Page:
This review contains spoilers.
The connection between both of this series’ investigations arrived with a horrid thud this week: “That’s Carly Kirk” said DC Fleming watching footage of a swanky police reception on the day of the teenager’s disappearance. Incriminatingly present at the same do was DCC Mike Dryden, filmed fraternising with crooked vice officer Prasad (Sacha Dhawan), who, along with the man we now know to be Georgia Trotman’s killer, has just bundled DI Denton into the boot of his car.
That draws a clear line between Carly’s murder (if the body discovered is in fact, hers), the Detective Chief Constable who took on his wife’s speeding offence as an alibi for the night Carly disappeared, and the men we assume carried out the ambush. No wonder Dryden was brittler than a Ryvita in that interview scene.
Is he behind Denton’s kidnap too? Episode four topped off Denton’s affecting visit to her dying mum with some walloping action as the inmate was driven away screaming (from the cell to the cage to the car boot, Denton’s prisons are getting smaller by the minute).
Perhaps Lindsay was biding her time and sitting on some dirt connecting Dryden to underage Carly, explaining his need to silence her now that AC12 are sniffing around? It could explain what sparked Denton’s initial interest in the Kirk case (we still haven’t had a satisfying answer to Fleming’s question, “Of all the long-term mispers, why her?”) and that visit to the burial site/garage. Though Denton previously said the reason their relationship ended because Dryden failed to leave his wife, perhaps she called it off after stumbling upon his connection to Carly?
We could speculate from now til next Wednesday and still be no closer to an answer. The fact that most of us will be doing so is proof that writer Jed Mercurio has once again tapped into exactly the right seam with this series. He’s withholding and revealing just enough each week to keep his audience in the sweet spot of self-harming-frustration-meets-pricked-up-ears-attentiveness. Like Broadchurch before it, the revelations are being meted out cliff-hanger after cliff-hanger, and the end is close enough in sight that we don’t feel overly manipulated. In two weeks, we’ll have our answers. We just have to hold out until then.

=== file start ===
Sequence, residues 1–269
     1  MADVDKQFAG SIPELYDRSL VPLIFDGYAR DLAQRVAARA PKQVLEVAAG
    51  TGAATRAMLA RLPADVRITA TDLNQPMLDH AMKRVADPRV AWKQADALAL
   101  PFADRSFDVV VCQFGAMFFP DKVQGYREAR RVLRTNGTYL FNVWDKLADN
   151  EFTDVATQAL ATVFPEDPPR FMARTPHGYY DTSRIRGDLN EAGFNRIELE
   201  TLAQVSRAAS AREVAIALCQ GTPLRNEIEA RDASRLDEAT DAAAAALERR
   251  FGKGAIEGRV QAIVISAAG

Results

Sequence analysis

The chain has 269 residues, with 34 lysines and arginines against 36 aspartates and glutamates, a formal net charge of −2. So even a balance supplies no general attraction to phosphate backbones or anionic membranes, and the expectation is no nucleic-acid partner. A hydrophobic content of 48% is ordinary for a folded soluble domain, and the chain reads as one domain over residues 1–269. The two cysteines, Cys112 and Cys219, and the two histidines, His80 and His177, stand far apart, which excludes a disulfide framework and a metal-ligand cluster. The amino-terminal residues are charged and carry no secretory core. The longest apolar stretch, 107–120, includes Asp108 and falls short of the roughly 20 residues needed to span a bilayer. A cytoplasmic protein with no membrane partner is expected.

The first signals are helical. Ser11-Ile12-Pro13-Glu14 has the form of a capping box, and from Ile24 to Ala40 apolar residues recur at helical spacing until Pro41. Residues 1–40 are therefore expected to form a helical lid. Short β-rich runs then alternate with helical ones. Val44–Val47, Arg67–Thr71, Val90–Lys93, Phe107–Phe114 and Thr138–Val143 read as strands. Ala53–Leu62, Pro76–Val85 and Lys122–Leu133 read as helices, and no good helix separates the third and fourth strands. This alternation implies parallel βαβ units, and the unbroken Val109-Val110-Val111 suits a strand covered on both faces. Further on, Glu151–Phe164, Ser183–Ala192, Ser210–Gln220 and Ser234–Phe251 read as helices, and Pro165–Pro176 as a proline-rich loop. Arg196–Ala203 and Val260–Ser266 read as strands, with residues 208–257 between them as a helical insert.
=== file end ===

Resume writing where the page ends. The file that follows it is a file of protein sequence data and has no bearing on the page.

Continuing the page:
That specific pain/joy of a series like this is made all the more intense by following it live. If I was watching on DVD, I’d have done what I did with the first run and swallowed every episode in a single sitting like a pelican gulping down an enormous fish. Being forced to wait from week to week compels you to sift through the information and theorise. Without that element of audience participation, Broadchurch would simply have been a well-made drama. With it, it became a national obsession.
Line Of Duty hasn’t enjoyed quite the same reach as Chris Chibnall’s small town crime ITV series, nor, as a BBC Two drama, is it likely to. Perhaps it isn’t just the channel that keeps it on the edges of the mainstream though, but also its unremitting bleakness. Despite its harrowing subject matter, Broadchurch was comforted by a thematic thread of family, community and rebirth. Line Of Duty has nothing of the sort. Series two has so far been as much about loneliness and isolation as police procedure, a parade of estrangements, divorces, affairs and short-term flings for its characters; none of whom are happy, few of whom tell the truth, and all of whom are alone. Hastings sat alone in his depressing digs, Kate crying in the loos, Denton walking solo around the grey concrete exercise yard… It paints a stark and unforgiving picture, and anyone who saw series one knows not to expect it balanced out with a reassuringly fluffy ending.
Take Hastings this series, a character played with real pathos by Adrian Dunbar. His dilemma this week – not wanting to pursue Dryden because the DCC held the key to his chance for promotion, pay-rise, and a reunion with his estranged wife – typifies Line Of Duty’s essential conflict: the lure of personal advancement versus professional duty. Who gives in to temptation and who holds out? There don’t appear to be many in the latter group this series.
Resolutely not denying temptation was DS Arnott, whose liaison with a third partner in almost as many episodes shows Denton’s “can’t keep it in his pants” assessment to be a fair one. His fling with ‘Jolly’ Rogerson led to a set-back on the case as Major Crime made the Richard Akers arrest instead of AC12, and a breakthrough as Rogerson led him to discover the tracking device on Akers’ car. (Why did she write it down instead of telling him? Why would she be afraid his flat is bugged?). What Arnott and Rogerson’s affair highlights is the competitive in-fighting between police departments, as seen in Hargreaves’ attempt to suppress AC12’s discovery of the evidence. Is he only seeking to protect his career path, or can we add another copper to the ‘dodgy’ pile?
Speaking of which, episode four moved DI Denton from the ‘dodgy’ to the ‘framed’ pile in the eyes of DC Fleming, who conceded that “Lindsay was set up”. Because of the tracker, whether or not Denton chose the route on the night of the ambush was immaterial because the killers would have found the witness anyway. More sympathy was established for Denton, not just in the final action-packed moments, but in the care home visit to her dying mother. We’re on her side at this point, or at least, with two episodes to go, that’s where Jed Mercurio wants us to be…
Read Louisa’s review of the previous episode, here.
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